In addition, the results of this study are more reflective of the prevalence rate of comorbidity of CP in medical institutions, as 87.2% of the included studies were medical institution-based studies. Theoretically, patients with CP in medical institution-based studies are more likely to be admitted to rehabilitation for severe conditions. In contrast, patients with CP who have relatively mild symptoms and are from low-income families may not be admitted to rehabilitation, thus, the final results may overestimate the comorbidity of CP (97). In 1998, Surveillance of Cerebral Palsy in Europe (SCPE) became the world’s first CP surveillance network, consisting of 14 CP management centers in eight countries. By 2018, it had expanded to 23 centers in 20 countries, registering 21,043 children with CP born from 1976 to 2018. SCPE coordinated the European CP registry management centers to cooperate and develop a central database to provide uniform standards and criteria for collaborative research (98). Although Japan and Korea have not established a CP surveillance system, nationwide health insurance systems covering the whole country can monitor the prevalence of CP, understand comorbidities and risk factors, and provide prevention strategies, thus serving as a database for policy development and playing an essential role in the prevention, treatment, and rehabilitation of CP (99, 100). In China, only some provinces and cities have built CP child detection systems and information platforms, and no reports have established national or multi-regional collaborative CP monitoring systems and information platforms (95). So far, only Henan Province has published relevant articles through data from the CP child registration management monitoring network built in 2020 (80), and no related research has been reported in other provinces and cities. In China, one can consult SCPE and the Australian Cerebral Palsy Register (ACPR) (101) as information platforms to establish a standard of unified data collection table. For example, through many parts of the country, at hospitals, rehabilitation centers, and special education schools, CP individuals are registered through an online and/or paper-based registration system, which specialized agencies and personnel then administer. However, it is still difficult to establish a CP registry in China because China has a wide geographical area, uneven economic development, and numerous institutions accepting CP children, so it needs gradual development and establishment. It is of great significance to establish a sound national CP register and understand the epidemic characteristics and trends of CP over time through a network monitoring system and information data platforms for the formulation of effective prevention and treatment strategies for CP.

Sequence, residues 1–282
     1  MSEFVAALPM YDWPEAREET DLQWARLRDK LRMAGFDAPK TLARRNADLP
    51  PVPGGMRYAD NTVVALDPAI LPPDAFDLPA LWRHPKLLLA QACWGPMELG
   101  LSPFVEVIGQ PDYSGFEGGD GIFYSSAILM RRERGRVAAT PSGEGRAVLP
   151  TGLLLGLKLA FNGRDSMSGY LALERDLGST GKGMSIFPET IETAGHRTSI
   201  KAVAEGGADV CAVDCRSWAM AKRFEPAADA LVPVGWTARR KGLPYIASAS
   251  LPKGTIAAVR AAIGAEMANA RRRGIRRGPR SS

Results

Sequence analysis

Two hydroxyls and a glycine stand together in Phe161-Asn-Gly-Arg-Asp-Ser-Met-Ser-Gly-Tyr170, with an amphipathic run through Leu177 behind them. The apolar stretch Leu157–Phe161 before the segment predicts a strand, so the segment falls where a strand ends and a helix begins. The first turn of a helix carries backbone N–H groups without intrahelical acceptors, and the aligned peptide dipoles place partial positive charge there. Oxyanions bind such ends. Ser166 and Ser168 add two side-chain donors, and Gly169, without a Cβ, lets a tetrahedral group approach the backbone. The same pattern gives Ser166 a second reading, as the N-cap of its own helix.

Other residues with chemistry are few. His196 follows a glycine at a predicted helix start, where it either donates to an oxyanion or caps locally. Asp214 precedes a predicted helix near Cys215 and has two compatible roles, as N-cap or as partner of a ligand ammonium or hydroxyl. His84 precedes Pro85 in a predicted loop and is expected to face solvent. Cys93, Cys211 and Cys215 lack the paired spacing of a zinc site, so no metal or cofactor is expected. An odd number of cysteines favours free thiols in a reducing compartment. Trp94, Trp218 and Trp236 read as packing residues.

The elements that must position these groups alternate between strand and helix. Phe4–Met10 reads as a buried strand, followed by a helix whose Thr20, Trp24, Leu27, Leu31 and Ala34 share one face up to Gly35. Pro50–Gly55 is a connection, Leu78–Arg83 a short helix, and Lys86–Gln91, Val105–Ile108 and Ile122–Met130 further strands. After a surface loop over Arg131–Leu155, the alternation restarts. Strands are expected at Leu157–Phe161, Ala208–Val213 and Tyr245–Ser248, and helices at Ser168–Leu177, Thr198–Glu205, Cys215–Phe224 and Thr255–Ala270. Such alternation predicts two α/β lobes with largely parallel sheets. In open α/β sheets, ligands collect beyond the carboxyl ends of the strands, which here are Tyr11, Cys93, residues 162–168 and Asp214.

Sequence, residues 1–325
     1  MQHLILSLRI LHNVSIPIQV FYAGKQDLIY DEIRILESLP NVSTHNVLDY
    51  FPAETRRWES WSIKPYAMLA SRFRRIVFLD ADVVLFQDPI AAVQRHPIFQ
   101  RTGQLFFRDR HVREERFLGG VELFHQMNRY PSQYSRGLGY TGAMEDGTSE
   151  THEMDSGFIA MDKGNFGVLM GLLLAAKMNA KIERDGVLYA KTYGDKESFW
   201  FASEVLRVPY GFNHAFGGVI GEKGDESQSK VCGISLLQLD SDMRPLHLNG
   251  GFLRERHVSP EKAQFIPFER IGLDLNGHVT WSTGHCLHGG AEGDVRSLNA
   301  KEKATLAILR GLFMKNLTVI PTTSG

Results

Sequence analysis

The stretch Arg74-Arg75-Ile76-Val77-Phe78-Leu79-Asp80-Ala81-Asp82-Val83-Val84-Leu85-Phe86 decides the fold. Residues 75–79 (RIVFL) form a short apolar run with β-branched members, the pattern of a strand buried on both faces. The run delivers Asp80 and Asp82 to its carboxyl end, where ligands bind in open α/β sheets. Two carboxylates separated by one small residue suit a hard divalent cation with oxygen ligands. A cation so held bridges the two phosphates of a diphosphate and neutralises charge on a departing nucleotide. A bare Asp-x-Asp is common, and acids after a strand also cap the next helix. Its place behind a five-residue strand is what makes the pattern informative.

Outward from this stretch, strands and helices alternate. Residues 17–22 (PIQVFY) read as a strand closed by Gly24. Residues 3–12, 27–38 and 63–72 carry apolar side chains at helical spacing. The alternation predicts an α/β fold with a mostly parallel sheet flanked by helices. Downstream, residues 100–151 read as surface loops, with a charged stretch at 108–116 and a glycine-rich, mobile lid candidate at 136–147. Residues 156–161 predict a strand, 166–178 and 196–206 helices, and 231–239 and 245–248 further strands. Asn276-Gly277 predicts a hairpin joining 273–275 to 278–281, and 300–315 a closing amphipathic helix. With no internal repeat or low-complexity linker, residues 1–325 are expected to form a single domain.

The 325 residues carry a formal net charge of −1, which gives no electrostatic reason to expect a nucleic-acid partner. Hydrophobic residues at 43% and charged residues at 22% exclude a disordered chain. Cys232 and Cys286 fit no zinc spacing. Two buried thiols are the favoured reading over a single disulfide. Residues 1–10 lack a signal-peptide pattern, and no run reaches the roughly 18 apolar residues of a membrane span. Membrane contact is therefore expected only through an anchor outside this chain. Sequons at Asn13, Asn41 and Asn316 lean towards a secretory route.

The limitations of this study are as follows. (i) This study is a meta-analysis of a single rate group, with enormous heterogeneity among studies. (ii) The included CP cases were of varying severity, and the different confounding risk factors and severity of CP may produce some differences in the results. (iii) The inclusion of an extensive age range and low age may have some influence on the final results, due to the reason that some comorbidities often develop with age, and younger children with CP comorbidities may be difficult to diagnose (102), so the older the CP patient is at the time of recording, the less likely it is that the diagnosis will be missed (103). (iv) The substantial between-study heterogeneity limits the interpretability and clinical applicability of the reported prevalence figures.